The Eurasian Arctic During the Last Ice Age
A vast ice sheet once covered the Barents Sea. Its sudden disappearance 100 centuries ago provides a lesson about western Antarctica today
In the 1970s, long before global warming had become much of a public concern, an Ohio State University glaciologist named John Mercer made a disturbing observation. He pointed out that the geography of western Antarctica is strikingly similar to the Eurasian Arctic: Both of these polar regions contain a large continental shelf no more than a few hundred meters deep. The major difference is that western Antarctica has a 2.5-kilometer-thick ice sheet resting on it, whereas the Eurasian Arctic is now comparatively free of grounded ice. Mercer argued that if global warming continued, there was a real threat that the immense ice sheet covering western Antarctica could disintegrate, adding enough water to the ocean to raise sea level by six meters, which would inundate coastlines throughout the world.
Mercer understood the task his observation demanded: To gauge whether the west Antarctic ice sheet is truly in danger of breaking up, scientists must look for clues at the other side of the Earth, in the geological remnants of the former ice sheets that covered northern Eurasia. Many earth scientists took heed and applied their specialties to the investigation, and their work soon began to reveal the glacial history of the Eurasian Arctic. By the mid-1980s, however, the interpretation of the geological observations varied enormously. Whereas some saw evidence for a massive, 3.5-kilometer-thick ice sheet over the whole of northern Europe and Siberia at the height of the last ice age (known to geologists as the Last Glacial Maximum, or LGM), others disputed this appraisal, preferring to believe that there was virtually no ice at all on the seafloor to the north of the Norwegian and Russian mainlands. Contradictory views sparred in the literature. The problem was partly that the geological record in the Arctic can be difficult to read and thus open to misinterpretation. Another obstacle was the paucity of reliable observations from this remote and inhospitable region.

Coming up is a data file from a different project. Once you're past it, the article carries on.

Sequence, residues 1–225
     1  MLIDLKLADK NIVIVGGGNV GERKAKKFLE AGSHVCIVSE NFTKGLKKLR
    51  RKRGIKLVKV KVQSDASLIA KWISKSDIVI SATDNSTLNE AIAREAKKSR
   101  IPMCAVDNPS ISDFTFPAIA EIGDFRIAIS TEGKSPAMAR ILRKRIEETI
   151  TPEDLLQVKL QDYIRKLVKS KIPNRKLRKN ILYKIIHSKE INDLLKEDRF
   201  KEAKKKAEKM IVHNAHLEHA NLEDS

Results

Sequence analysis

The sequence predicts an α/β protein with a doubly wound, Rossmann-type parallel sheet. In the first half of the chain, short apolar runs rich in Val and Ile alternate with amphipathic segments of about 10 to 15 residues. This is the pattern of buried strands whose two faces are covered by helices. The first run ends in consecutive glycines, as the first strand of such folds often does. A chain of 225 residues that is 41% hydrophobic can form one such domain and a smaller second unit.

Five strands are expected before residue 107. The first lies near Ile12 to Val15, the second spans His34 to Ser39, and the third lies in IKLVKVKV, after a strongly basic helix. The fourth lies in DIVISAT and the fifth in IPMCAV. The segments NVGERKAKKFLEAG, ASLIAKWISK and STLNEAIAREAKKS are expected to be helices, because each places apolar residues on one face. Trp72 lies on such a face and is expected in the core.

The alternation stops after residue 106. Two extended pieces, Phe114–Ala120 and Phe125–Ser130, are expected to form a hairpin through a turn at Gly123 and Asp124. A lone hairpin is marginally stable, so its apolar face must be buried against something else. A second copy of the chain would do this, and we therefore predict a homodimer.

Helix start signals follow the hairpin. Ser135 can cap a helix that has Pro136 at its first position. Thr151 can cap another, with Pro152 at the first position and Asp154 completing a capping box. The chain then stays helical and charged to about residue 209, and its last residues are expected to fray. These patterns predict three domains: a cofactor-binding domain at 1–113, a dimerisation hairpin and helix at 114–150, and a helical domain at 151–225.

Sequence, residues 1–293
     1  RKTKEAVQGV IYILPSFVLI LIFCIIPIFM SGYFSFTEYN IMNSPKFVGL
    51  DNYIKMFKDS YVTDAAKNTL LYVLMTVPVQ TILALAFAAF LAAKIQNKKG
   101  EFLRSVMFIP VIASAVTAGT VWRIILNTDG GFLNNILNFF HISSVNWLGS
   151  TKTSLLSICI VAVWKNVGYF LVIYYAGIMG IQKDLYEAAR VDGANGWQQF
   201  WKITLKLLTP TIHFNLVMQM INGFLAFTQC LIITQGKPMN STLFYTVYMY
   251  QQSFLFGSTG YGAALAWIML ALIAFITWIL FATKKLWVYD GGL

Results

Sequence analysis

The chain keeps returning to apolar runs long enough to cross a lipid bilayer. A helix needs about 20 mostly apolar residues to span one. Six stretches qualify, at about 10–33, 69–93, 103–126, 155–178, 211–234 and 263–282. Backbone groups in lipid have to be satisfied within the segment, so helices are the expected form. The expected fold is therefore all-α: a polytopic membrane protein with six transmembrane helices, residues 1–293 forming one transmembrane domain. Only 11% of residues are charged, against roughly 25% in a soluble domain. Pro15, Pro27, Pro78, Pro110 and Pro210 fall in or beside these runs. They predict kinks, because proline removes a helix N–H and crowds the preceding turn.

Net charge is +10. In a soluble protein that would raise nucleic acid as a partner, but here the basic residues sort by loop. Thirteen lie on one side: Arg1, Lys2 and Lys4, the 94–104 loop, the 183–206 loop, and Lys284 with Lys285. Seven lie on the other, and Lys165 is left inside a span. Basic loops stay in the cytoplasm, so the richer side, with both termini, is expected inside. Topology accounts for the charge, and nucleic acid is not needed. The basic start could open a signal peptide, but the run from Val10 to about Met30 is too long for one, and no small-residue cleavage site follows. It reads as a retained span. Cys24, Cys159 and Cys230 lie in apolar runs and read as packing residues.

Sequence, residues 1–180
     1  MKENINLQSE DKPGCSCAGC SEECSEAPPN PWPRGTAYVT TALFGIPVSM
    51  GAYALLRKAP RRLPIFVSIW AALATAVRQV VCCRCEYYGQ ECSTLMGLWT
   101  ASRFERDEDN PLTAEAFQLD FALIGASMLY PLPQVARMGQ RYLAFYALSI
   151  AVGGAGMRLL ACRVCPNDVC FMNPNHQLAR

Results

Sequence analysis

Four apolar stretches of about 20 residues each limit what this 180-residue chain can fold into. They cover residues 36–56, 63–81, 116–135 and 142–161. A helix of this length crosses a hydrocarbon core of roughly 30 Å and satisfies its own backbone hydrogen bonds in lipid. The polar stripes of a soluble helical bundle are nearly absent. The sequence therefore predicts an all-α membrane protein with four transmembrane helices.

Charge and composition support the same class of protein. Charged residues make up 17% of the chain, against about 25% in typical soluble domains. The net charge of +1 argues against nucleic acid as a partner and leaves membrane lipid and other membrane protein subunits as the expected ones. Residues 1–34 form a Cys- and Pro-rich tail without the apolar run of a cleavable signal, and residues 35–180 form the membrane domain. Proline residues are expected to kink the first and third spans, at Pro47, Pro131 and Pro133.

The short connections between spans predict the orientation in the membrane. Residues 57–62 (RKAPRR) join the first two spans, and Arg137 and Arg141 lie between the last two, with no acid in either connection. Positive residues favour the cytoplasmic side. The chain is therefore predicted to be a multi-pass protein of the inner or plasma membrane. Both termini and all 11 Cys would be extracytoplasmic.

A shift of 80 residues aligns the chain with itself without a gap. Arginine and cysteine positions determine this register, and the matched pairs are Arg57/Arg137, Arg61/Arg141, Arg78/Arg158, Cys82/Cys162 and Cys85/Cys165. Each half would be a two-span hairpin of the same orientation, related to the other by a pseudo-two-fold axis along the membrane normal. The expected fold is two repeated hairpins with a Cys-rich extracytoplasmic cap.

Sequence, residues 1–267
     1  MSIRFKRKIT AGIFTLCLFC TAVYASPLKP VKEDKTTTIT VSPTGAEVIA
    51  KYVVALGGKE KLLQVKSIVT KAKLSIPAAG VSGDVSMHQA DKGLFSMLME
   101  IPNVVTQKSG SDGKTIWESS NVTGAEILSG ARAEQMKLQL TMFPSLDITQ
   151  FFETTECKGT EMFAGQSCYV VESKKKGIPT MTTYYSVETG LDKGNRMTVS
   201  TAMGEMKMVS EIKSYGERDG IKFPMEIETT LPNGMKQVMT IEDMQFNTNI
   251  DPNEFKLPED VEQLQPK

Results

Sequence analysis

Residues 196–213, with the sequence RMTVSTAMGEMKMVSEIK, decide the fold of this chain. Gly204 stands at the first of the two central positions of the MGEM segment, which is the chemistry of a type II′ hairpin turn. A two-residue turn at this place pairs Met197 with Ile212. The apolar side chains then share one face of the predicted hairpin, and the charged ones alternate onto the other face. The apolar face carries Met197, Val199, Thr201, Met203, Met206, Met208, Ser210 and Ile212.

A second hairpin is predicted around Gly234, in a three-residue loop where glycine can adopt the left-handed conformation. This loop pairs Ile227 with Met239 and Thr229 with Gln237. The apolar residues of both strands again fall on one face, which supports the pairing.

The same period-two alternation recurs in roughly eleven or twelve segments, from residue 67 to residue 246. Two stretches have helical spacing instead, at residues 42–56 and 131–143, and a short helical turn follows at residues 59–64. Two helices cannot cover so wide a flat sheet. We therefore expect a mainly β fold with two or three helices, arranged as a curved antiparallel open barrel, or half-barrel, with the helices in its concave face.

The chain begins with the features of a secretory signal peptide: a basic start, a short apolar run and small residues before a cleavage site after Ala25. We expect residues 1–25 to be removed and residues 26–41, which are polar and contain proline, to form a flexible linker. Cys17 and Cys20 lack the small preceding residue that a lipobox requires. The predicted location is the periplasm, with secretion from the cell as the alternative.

To resolve the issue, the European Science Foundation mounted back-to-back research programs to gather new geological evidence in the vicinity of the former ice sheets in the Eurasian Arctic. These efforts involved more than 50 scientists from seven European countries, including the four of us. The first, dubbed PONAM (for POlar North Atlantic Margins) concentrated on the western side of the Barents Sea. During the follow-up program, named QUEEN (QUaternary Environments of the Eurasian North), the focus shifted east to the Russian Arctic. These efforts provided a great deal of information about the status of northern Eurasia in the Ice-Age world. To grasp the full significance of the results, however, requires that one gain at least a broad understanding of glaciological processes. So here we take a moment to review the basics of how glaciers operate.